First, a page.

Dr. Pamela Gay: Okay. So your happy little charged ball is actually not that different from the oil drops that Milligan was using. Anything that can hold a charge can be used in this experiment. So the reason he used oil drops is they didn’t exactly have the greatest of batteries back in 1908. So when you have an electric field you needed little tiny things to put charge on to try and make hover. And oil drops were a perfectly reasonable thing.
The other reason was they need things small enough that they’d hit their terminal velocity, that they’d accelerate through the air until they reached a point where the force of gravity trying to accelerate them downward versus the buoyant force of air acting as a friction sort of kind of analog force. Basically the buoyant force pushing up balanced so that the object is no longer accelerating.
So in order to get something tiny enough to suspend the electric field and that would hit terminal velocity quickly enough that it would hit terminal velocity within the experimental apparatus, they opted – Fletcher and Millikan opted to use oil drops. They used a small sprayer, not too different from what you’d use with perfume, to create little tiny droplets. And just the action of shooting through the nozzle is enough to transfer some charge onto the oil drops.
They sprayed this above a set of electric plates that had a hole in them to allow some of the oil drops to just happen to fall through the hole. And while looking between the oil plates – the electric plates rather through a magnifying apparatus, they were able to adjust the strength of the electric field to, well, select out oil drops that had just the right amount of charge and amount of mass to be able to be suspended within this field.
Fraser Cain: Right. So I can just imagine they’ve got this oil sprayer, they’ve got these two charged plates. In between there’s a gap. They’ve got a knob and as the oil drops are sort of dropping through into the charged plates, they’re falling really quickly. And then they turn the knob up to increase the charge and the speed starts to slow down as, I guess, the upward force of the charge on the particles on the charge of the oil drops is countering the gravity that’s pulling them downward. And you hit this equilibrium where the particles just sorta stop, hovering in between being pulled upward and being pulled downward by the gravity. And then fancy math?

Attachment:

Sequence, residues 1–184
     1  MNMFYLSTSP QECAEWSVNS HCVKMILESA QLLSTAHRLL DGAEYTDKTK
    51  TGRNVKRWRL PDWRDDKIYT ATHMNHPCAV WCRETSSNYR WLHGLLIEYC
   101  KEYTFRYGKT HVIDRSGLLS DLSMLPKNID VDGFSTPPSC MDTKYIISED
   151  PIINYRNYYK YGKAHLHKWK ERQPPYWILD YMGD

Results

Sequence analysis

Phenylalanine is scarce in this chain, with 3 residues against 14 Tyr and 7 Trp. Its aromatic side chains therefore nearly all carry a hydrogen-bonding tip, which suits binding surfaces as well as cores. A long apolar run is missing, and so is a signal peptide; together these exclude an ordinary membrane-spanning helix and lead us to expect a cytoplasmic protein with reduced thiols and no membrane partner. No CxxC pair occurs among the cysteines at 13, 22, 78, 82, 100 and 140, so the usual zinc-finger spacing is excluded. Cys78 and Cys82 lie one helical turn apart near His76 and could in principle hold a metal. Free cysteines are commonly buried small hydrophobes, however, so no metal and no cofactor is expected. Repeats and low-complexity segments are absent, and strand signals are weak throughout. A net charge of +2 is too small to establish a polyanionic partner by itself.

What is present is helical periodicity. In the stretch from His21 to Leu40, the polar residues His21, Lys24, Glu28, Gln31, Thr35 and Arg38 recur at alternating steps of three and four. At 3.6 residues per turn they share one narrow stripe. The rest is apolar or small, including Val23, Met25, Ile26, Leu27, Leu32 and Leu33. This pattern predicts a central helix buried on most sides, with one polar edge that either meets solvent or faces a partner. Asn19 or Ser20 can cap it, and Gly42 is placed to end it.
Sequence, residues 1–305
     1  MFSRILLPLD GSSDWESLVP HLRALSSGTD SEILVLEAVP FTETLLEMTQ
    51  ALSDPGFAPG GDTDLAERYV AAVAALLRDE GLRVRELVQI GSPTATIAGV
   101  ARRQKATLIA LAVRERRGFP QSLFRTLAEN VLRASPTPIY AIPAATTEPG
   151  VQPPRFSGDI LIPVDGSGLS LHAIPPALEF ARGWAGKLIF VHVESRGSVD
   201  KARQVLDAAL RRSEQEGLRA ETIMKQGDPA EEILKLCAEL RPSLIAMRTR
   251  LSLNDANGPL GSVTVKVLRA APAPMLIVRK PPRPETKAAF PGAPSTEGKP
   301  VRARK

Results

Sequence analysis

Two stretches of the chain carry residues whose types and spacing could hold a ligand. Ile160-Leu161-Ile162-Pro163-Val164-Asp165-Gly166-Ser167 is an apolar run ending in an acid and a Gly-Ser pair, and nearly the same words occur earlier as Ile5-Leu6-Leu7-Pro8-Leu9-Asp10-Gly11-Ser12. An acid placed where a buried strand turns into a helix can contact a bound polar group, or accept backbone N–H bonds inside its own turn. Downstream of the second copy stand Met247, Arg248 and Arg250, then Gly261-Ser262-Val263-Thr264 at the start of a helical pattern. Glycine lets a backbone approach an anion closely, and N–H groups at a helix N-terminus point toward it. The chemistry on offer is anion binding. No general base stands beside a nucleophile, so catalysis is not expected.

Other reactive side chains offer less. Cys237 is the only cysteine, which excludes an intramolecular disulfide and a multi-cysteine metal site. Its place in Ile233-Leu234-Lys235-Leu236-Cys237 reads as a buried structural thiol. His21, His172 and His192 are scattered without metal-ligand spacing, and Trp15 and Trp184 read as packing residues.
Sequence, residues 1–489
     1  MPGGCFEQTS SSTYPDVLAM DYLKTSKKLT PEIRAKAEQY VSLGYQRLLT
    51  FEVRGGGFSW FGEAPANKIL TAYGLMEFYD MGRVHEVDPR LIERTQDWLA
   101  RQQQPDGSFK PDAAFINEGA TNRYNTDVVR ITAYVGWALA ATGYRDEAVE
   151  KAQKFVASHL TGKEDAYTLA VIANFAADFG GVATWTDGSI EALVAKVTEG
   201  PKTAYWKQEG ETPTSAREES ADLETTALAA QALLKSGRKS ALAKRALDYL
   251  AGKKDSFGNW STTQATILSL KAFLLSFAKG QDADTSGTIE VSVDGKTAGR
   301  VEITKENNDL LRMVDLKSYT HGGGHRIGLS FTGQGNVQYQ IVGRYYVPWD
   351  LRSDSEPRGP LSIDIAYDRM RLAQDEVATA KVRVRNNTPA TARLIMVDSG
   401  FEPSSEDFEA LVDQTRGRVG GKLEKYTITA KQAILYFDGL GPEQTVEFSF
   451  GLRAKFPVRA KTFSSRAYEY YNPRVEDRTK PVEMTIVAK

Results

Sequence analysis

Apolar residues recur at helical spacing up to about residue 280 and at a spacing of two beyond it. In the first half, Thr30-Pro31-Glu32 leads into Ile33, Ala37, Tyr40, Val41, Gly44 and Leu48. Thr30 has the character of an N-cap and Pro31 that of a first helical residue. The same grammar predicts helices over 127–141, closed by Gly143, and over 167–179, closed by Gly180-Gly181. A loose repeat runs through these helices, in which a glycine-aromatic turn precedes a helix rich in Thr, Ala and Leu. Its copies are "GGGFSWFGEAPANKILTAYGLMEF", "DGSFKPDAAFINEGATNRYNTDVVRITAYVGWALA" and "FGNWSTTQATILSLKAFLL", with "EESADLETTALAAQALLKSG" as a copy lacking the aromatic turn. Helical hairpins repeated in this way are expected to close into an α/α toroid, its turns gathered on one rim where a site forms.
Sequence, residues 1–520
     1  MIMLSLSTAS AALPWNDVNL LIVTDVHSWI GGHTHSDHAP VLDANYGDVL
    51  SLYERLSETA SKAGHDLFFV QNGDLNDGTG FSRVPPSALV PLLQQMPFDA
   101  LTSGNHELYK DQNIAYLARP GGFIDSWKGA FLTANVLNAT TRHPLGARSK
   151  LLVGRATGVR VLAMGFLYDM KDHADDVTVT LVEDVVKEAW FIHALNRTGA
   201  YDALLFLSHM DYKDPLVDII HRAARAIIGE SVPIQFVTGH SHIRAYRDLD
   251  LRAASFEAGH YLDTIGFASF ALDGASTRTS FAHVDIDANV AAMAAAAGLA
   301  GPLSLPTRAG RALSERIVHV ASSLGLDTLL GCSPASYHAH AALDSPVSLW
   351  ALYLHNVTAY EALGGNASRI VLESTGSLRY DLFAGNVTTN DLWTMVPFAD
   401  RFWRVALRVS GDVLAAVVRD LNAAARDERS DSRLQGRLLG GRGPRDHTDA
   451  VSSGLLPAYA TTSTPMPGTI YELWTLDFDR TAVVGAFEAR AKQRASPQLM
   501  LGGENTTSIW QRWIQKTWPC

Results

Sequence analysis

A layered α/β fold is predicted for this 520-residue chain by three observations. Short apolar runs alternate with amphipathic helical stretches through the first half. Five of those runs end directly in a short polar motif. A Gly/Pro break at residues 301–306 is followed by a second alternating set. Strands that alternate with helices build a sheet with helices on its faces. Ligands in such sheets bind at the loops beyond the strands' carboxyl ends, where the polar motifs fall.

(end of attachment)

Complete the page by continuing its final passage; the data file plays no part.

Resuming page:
Dr. Pamela Gay: Sort of. So the math wasn’t actually all that fancy. It was just kind of annoying because you had to get all the variables to cancel out. So the problem that Millikan and Fletcher, Fletcher and Millikan were left with was you have these little tiny oil drops and you can’t really accurately hold a ruler up to an oil drop and go, okay, what’s your radius. But they did know the density of oil really accurately so they could get it their – the mass of the oil drops if only they could get at the radius accurately.
So to get accurately at the radius, what they did was they figured out, well, what is the terminal velocity of these little tiny oil drops. And the terminal velocity was related to a whole bunch of different parameters that they could calculate. And once they got at the terminal velocity they could also get at the weight of it by taking – they knew the density. They could get at the radius via the terminal velocity.